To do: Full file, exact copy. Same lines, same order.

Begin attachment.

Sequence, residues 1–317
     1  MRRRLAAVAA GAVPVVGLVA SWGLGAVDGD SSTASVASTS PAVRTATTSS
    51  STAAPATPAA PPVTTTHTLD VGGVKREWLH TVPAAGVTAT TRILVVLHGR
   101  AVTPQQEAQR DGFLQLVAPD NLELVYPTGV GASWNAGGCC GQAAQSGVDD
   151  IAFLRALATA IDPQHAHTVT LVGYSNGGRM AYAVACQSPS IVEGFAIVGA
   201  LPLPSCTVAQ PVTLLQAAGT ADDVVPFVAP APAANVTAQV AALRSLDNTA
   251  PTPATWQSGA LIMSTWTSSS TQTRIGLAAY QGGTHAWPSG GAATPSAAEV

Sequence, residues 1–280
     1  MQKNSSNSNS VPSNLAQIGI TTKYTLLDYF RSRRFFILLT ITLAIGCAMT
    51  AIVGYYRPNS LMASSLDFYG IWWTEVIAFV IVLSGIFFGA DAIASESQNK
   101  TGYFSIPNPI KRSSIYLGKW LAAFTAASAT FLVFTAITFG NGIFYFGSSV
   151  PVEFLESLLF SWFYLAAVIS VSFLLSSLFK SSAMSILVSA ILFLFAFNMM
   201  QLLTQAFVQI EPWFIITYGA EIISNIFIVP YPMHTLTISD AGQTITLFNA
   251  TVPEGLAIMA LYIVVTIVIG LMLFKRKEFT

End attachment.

Sequence, residues 1–317
     1  MRRRLAAVAA GAVPVVGLVA SWGLGAVDGD SSTASVASTS PAVRTATTSS
    51  STAAPATPAA PPVTTTHTLD VGGVKREWLH TVPAAGVTAT TRILVVLHGR
   101  AVTPQQEAQR DGFLQLVAPD NLELVYPTGV GASWNAGGCC GQAAQSGVDD
   151  IAFLRALATA IDPQHAHTVT LVGYSNGGRM AYAVACQSPS IVEGFAIVGA
   201  LPLPSCTVAQ PVTLLQAAGT ADDVVPFVAP APAANVTAQV AALRSLDNTA
   251  PTPATWQSGA LIMSTWTSSS TQTRIGLAAY QGGTHAWPSG GAATPSAAEV

Sequence, residues 1–280
     1  MQKNSSNSNS VPSNLAQIGI TTKYTLLDYF RSRRFFILLT ITLAIGCAMT
    51  AIVGYYRPNS LMASSLDFYG IWWTEVIAFV IVLSGIFFGA DAIASESQNK
   101  TGYFSIPNPI KRSSIYLGKW LAAFTAASAT FLVFTAITFG NGIFYFGSSV
   151  PVEFLESLLF SWFYLAAVIS VSFLLSSLFK SSAMSILVSA ILFLFAFNMM
   201  QLLTQAFVQI EPWFIITYGA EIISNIFIVP YPMHTLTISD AGQTITLFNA
   251  TVPEGLAIMA LYIVVTIVIG LMLFKRKEFT